This week legislators had several opportunities to debate the school finance issue.  A property tax bill was amended to include the first year of the Governor’s Education First plan, a $30,000 minimum salary for teachers, and an increase in the standard deduction for married couples filing jointly.  An amendment providing the funding for the Governor’s plan failed.  The bill failed in final action on  Wednesday.
Although the bill failed, many hope that this will open up the debate on school finance and the House can continue to work toward an education funding solution. Additionally, the amendment calling for funding increases provided in the Governor’s Education First Plan did pass the house on a voice vote, despite the bills ultimate failure.  This shows a willingness on behalf of the legislators to increase funding to schools.
On Thursday,  the House debated an alternate plan for school finance, House bill 2807. This bill locks into place the current system for distributing funds for education at the existing spending levels, including local option budgets, and eliminates at-risk weighting, and low-enrollment weighting.
The bill will then allow local communities the ability to choose a spending level locally and spend to that level, given appropriate support from taxpayers. This bill provides little state control on statewide educational spending and each district will set the level of funding for their district.  Opponents of this bill are concerned that it will further increase disparities between wealthy and poor school districts and shift more school tax burden to property taxes.  It provides no restrictions on money raised locally through property taxes.
Child Advocacy Centers across the state will be established with the passing of House Bill 2569.  These centers will work to assist children that have dealt with sexual, physical, mental, or emotional abuse.  These centers have to meet several criteria, but all non-profit centers meeting those criteria would be eligible for state funding. House bill 2568, also passed this week, provides for the establishment of the Children’s Advocacy Center Fund.  This fund would be administered by the Attorney General and would be used to pay for the operations of qualified centers.  The fund would receive $100 payments from defendants convicted of a certain crimes where the victim was a minor.
Rep. Jan Scoggins-Waite, former Executive Director of the Crisis Center of Dodge City states  ”As one who was integral in getting Meadowlark House Child Advocacy Center started in Dodge City I am thrilled to see this legislation come before the House. Meadowlark House was, as I recall, the third Child Advocacy Center in the State of Kansas and continues to be a vital force in providing services for children in our community.  Legislation like this will assist other communities to develop or enhance their Child Advocacy Centers.”
The House of Representatives passed a bill last week to allow Kansans to carry concealed weapons.  House bill 2798 passed 78 to 43.  The bill will now go to the Senate for debate. The bill allows Kansans to carry a concealed weapon after paying a $150 application fee and passing a background check by the Kansas Bureau of Investigation.  Permit holders are also required to complete a firearms safety and training course.  After the background check and training, the KBI would issue a permit.
The bill prohibits concealed weapons from many locations, including police stations, prisons, courthouses, polling places, government offices, establishments that serve liquor primarily, schools, and mental health facilities.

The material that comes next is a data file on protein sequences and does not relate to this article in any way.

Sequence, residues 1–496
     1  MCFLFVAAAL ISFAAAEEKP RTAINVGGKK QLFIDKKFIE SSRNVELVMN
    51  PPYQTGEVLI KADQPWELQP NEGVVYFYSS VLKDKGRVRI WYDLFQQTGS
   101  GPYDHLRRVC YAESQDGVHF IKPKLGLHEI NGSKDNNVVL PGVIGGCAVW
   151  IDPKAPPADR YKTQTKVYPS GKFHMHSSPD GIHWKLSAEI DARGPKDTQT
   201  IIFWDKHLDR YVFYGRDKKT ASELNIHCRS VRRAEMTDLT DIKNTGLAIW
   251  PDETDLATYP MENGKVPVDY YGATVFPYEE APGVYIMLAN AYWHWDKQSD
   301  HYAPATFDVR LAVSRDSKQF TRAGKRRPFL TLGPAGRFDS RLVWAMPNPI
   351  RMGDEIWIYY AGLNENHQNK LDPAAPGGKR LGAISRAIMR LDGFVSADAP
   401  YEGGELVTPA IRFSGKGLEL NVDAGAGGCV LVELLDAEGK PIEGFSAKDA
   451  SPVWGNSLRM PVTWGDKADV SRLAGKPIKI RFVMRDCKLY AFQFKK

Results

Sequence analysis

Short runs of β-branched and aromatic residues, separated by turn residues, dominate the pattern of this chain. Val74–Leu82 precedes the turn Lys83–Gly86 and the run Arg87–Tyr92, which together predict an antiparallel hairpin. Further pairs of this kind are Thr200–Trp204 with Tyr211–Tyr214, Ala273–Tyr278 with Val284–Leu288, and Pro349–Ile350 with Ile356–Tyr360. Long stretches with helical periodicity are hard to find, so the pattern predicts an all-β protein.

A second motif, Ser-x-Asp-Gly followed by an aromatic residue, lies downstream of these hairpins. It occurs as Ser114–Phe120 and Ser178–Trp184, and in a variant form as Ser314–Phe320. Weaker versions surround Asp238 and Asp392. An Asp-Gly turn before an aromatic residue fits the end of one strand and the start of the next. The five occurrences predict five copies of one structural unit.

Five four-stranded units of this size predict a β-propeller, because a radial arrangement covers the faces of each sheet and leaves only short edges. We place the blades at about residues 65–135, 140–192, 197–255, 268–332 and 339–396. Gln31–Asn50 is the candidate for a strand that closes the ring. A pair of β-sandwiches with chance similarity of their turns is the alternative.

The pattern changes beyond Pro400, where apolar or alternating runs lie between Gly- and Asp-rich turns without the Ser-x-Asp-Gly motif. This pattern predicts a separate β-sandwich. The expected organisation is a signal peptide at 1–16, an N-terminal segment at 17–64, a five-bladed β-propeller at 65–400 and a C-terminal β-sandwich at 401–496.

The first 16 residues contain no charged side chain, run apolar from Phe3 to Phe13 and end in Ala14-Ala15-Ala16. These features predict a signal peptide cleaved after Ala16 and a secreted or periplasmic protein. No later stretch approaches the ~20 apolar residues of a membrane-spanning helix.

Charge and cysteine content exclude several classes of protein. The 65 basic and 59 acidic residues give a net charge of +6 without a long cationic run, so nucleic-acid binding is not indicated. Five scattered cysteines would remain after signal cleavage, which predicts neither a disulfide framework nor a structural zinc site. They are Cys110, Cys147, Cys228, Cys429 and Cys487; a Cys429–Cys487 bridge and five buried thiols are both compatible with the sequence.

In the committee testimony, many rape victims testified in support of this bill.  These women currently carry concealed guns illegally to protect themselves. Several amendments were offered for the bill on the house floor.  One amendment, which failed, would have allowed cities that currently prohibit concealed weapons to hold a referendum on concealed weapons.  If the people voted against concealed weapons, the city would be exempt from the bill.
Another failed amendment would have revoked the permit and weapon of someone found to be carrying a concealed weapon in one of the prohibited locations or a business that has specifically barred concealed weapons.  Proponents worried that the amendment did not provide appropriate punishment for people who made violations.  Opponents believed that the amendment went too far by taking one’s weapon as well as their permit.
This week, the House passed a bill to help businesses comply with the Streamlined Sales Tax passed last session.  The bill was amended on the House floor to include a provision allowing for a one-time $1000 tax credit for small businesses to cover the cost of complying with the streamlined sales tax.  Another provision added on the floor would have allowed the Department of Revenue to waive interest and penalties for businesses making a good faith effort to comply with the law.  A third provision raised the monthly filing threshold, thereby allowing thousands of businesses to file four times a year instead of twelve times as is current practice.
An amendment offered by Rep. Bruce Larkin, of Baileyville, would also allow small businesses, when the law is fully implemented by Congress, to keep 0.5% of sales tax collections to cover collection costs.
Following a lengthy debate, the House passed House Bill 2599 this week, which delays implementation of Kansas’s Streamlined Sales Tax Law until Congress has acted on this issue.  The Streamlined Sales Tax Law, which calls for destination-based sourcing has caused some problems for small businesses, causing several legislators to call for its repeal.
Destination-based sourcing requires businesses to charge sales tax based on the point of delivery, rather than the location of the business.  This is a complete change in sales tax collection in Kansas.  Kansas has joined into the Streamlined Sales Tax Project, the combined effort of 40 participating states and the business community working to establish uniformity among the several states’ sales tax laws.